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1.
BMJ ; 368: l7078, 2020 Feb 05.
Artigo em Inglês | MEDLINE | ID: mdl-32024657

RESUMO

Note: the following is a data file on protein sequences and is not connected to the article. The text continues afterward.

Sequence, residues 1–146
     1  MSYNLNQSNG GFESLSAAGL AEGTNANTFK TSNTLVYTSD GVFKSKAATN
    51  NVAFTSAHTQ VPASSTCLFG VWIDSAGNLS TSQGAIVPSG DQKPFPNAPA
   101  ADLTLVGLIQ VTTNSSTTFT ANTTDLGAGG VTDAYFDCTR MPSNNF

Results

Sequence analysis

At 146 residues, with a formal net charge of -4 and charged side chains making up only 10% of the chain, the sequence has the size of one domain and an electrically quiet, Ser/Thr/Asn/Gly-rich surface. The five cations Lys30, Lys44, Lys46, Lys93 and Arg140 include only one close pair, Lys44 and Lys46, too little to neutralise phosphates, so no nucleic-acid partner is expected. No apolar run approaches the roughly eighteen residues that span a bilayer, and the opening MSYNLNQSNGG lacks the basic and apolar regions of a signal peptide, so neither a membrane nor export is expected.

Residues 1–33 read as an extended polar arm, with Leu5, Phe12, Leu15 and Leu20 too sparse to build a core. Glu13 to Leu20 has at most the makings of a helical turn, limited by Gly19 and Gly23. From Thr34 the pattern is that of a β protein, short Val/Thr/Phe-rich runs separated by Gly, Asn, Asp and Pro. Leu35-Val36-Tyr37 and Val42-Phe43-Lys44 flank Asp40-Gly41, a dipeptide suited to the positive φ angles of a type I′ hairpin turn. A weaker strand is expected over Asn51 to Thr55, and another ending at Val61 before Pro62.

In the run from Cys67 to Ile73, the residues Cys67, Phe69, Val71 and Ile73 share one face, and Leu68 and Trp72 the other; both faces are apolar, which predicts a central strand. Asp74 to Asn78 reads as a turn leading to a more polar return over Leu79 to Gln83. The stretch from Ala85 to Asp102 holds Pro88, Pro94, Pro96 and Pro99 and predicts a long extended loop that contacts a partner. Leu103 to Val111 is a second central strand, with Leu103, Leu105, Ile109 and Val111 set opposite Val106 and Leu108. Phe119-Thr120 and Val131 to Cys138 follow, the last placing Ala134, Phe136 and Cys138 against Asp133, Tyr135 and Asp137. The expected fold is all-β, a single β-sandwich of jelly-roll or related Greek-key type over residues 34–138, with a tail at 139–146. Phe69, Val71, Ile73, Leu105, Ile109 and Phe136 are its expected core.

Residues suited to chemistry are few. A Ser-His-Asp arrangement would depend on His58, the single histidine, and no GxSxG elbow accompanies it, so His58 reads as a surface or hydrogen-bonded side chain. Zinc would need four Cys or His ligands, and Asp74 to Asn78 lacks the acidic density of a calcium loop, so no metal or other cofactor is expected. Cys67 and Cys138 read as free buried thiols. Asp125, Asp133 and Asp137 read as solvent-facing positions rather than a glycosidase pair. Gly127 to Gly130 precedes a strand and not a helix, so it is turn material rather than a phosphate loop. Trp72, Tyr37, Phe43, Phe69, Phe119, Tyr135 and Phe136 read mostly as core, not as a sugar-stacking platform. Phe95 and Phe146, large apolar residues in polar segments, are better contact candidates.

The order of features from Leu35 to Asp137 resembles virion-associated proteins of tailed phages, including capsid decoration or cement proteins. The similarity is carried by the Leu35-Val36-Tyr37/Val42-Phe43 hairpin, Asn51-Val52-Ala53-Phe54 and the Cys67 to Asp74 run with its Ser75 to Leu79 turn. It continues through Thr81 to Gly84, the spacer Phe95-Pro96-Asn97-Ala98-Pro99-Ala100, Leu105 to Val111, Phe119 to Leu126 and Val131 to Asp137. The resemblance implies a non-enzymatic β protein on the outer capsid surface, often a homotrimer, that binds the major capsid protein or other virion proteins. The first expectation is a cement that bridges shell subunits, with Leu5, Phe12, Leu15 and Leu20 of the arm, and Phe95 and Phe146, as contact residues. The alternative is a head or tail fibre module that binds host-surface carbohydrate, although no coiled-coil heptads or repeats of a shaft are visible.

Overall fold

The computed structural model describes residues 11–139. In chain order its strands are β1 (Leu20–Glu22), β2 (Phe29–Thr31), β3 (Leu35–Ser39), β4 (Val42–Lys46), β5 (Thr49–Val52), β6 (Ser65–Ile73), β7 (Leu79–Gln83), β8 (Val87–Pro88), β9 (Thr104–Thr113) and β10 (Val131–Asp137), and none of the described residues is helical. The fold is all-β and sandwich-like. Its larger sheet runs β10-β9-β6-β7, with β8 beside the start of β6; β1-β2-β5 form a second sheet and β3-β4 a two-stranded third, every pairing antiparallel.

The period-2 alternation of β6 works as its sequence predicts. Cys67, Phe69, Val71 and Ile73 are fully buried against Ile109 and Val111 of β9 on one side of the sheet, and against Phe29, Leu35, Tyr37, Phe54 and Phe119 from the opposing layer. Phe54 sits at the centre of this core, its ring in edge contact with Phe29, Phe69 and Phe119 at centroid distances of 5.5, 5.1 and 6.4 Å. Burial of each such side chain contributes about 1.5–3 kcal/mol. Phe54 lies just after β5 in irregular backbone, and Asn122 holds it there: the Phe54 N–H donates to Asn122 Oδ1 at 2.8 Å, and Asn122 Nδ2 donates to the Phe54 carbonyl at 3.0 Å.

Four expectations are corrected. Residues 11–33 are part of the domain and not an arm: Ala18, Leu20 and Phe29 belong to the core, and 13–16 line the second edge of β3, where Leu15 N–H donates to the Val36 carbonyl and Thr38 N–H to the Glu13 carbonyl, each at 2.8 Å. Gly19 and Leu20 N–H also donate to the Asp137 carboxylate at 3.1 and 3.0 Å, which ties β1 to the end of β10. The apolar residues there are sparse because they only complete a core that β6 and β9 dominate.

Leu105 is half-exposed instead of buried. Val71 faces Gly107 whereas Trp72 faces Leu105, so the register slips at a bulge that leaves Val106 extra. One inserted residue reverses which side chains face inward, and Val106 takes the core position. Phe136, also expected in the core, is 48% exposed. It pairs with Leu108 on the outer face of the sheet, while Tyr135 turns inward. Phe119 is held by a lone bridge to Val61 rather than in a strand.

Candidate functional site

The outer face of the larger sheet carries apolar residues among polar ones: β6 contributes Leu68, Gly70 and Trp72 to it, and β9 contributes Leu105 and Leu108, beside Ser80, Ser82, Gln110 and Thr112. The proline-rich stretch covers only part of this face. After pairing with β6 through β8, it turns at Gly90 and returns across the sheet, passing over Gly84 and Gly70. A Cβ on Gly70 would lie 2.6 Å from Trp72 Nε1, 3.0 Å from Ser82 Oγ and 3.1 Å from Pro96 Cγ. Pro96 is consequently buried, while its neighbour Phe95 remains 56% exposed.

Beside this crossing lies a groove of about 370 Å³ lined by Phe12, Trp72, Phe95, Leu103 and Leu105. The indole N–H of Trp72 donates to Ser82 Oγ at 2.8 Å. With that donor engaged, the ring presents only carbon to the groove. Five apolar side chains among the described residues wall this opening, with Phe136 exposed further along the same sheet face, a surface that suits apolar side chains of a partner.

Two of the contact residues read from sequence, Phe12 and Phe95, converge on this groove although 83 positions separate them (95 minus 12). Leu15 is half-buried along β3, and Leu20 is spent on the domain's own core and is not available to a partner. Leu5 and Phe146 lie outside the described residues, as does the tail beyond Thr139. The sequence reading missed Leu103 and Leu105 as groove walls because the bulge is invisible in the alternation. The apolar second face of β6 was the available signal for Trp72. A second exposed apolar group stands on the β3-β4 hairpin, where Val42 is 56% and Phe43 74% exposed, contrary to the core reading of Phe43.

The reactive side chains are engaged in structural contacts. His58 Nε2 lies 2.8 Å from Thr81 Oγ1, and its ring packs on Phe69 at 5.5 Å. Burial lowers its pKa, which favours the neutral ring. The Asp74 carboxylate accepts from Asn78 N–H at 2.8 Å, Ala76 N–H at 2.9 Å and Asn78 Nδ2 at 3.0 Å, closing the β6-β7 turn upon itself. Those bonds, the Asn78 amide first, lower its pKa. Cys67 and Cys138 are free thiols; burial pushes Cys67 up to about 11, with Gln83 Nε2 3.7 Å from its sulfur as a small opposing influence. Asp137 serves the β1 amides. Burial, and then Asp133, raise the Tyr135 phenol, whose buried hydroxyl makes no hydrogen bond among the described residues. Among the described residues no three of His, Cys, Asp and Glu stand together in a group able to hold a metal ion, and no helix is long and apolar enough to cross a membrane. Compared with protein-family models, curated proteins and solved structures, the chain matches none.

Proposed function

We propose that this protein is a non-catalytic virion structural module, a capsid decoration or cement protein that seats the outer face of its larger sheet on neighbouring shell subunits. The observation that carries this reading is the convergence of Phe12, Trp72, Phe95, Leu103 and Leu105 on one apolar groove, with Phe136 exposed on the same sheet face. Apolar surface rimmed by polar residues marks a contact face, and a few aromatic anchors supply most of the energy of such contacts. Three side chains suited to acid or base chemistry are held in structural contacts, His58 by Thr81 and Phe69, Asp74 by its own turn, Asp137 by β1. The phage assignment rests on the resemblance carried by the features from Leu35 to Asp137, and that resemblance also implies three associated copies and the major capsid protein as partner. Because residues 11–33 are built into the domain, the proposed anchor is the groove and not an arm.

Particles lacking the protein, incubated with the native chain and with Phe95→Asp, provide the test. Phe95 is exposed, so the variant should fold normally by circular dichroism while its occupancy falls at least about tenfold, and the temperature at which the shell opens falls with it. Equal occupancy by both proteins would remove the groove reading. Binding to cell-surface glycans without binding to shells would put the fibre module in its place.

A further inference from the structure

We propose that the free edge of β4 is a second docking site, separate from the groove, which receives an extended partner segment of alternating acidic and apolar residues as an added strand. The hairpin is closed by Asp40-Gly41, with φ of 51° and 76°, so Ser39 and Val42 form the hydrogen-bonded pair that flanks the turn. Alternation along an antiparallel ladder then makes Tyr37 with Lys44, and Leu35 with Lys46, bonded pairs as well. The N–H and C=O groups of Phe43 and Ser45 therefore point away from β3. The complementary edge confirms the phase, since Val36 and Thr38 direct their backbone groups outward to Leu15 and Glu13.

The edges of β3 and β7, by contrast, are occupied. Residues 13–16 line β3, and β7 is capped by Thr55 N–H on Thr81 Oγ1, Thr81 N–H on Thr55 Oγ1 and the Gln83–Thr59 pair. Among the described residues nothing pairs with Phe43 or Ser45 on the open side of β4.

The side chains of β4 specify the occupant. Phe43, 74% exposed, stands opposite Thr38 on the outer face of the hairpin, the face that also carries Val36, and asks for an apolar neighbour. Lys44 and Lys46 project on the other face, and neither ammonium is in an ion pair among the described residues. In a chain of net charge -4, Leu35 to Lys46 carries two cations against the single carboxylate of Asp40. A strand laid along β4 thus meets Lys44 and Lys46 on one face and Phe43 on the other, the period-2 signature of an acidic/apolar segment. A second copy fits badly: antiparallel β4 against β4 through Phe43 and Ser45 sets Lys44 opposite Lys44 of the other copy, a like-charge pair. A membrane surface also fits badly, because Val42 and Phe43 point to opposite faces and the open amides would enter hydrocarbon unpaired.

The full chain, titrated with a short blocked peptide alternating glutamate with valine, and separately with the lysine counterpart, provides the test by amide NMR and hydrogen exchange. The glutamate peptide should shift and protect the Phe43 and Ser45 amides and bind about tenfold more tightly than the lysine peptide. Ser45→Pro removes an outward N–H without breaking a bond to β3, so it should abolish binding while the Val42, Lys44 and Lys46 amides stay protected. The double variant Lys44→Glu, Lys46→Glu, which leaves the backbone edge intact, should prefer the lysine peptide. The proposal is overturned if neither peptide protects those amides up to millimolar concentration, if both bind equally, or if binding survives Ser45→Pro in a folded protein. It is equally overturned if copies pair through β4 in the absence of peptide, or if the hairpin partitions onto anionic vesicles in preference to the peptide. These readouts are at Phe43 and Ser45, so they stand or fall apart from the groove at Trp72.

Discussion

OBJECTIVES: To conduct a systematic review and meta-analysis of the effects of rosiglitazone treatment on cardiovascular risk and mortality using multiple data sources and varying analytical approaches with three aims in mind: to clarify uncertainties about the cardiovascular risk of rosiglitazone; to determine whether different analytical approaches are likely to alter the conclusions of adverse event meta-analyses; and to inform efforts to promote clinical trial transparency and data sharing. DESIGN: Systematic review and meta-analysis of randomized controlled trials. DATA SOURCES: GlaxoSmithKline's (GSK's) ClinicalStudyDataRequest.com for individual patient level data (IPD) and GSK's Study Register platforms, MEDLINE, PubMed, Embase, Web of Science, Cochrane Central Registry of Controlled Trials, Scopus, and ClinicalTrials.gov from inception to January 2019 for summary level data. ELIGIBILITY CRITERIA FOR SELECTING STUDIES: Randomized, controlled, phase II-IV clinical trials that compared rosiglitazone with any control for at least 24 weeks in adults. DATA EXTRACTION AND SYNTHESIS: For analyses of trials for which IPD were available, a composite outcome of acute myocardial infarction, heart failure, cardiovascular related death, and non-cardiovascular related death was examined. These four events were examined independently as secondary analyses. For analyses including trials for which IPD were not available, myocardial infarction and cardiovascular related death were examined, which were determined from summary level data. Multiple meta-analyses were conducted that accounted for trials with zero events in one or both arms with two different continuity corrections (0.5 constant and treatment arm) to calculate odds ratios and risk ratios with 95% confidence intervals. RESULTS: 33 eligible trials were identified from ClinicalStudyDataRequest.com for which IPD were available (21 156 patients). Additionally, 103 trials for which IPD were not available were included in the meta-analyses for myocardial infarction (23 683 patients), and 103 trials for which IPD were not available contributed to the meta-analyses for cardiovascular related death (22 772 patients). Among 29 trials for which IPD were available and that were included in previous meta-analyses using GSK's summary level data, more myocardial infarction events were identified by using IPD instead of summary level data for 26 trials, and fewer cardiovascular related deaths for five trials. When analyses were limited to trials for which IPD were available, and a constant continuity correction of 0.5 and a random effects model were used to account for trials with zero events in only one arm, patients treated with rosiglitazone had a 33% increased risk of a composite event compared with controls (odds ratio 1.33, 95% confidence interval 1.09 to 1.61; rosiglitazone population: 274 events among 11 837 patients; control population: 219 events among 9319 patients). The odds ratios for myocardial infarction, heart failure, cardiovascular related death, and non-cardiovascular related death were 1.17 (0.92 to 1.51), 1.54 (1.14 to 2.09), 1.15 (0.55 to 2.41), and 1.18 (0.60 to 2.30), respectively. For analyses including trials for which IPD were not available, odds ratios for myocardial infarction and cardiovascular related death were attenuated (1.09, 0.88 to 1.35, and 1.12, 0.72 to 1.74, respectively). Results were broadly consistent when analyses were repeated using trials with zero events across both arms and either of the two continuity corrections was used. CONCLUSIONS: The results suggest that rosiglitazone is associated with an increased cardiovascular risk, especially for heart failure events. Although increased risk of myocardial infarction was observed across analyses, the strength of the evidence varied and effect estimates were attenuated when summary level data were used in addition to IPD. Because more myocardial infarctions and fewer cardiovascular related deaths were reported in the IPD than in the summary level data, sharing IPD might be necessary when performing meta-analyses focused on safety. SYSTEMATIC REVIEW REGISTRATION: OSF Home https://osf.io/4yvp2/.